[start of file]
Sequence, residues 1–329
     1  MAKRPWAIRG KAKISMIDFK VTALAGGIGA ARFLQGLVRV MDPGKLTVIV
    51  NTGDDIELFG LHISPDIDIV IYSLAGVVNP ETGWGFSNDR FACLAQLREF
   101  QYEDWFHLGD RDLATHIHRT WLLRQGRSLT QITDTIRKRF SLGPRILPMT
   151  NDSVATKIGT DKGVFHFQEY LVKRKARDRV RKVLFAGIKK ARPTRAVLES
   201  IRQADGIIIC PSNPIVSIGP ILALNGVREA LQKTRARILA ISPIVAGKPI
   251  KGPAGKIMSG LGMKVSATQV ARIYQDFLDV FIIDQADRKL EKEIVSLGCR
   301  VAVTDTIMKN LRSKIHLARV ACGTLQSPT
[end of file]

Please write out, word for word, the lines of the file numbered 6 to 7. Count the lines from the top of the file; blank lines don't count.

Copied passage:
   201  IRQADGIIIC PSNPIVSIGP ILALNGVREA LQKTRARILA ISPIVAGKPI
   251  KGPAGKIMSG LGMKVSATQV ARIYQDFLDV FIIDQADRKL EKEIVSLGCR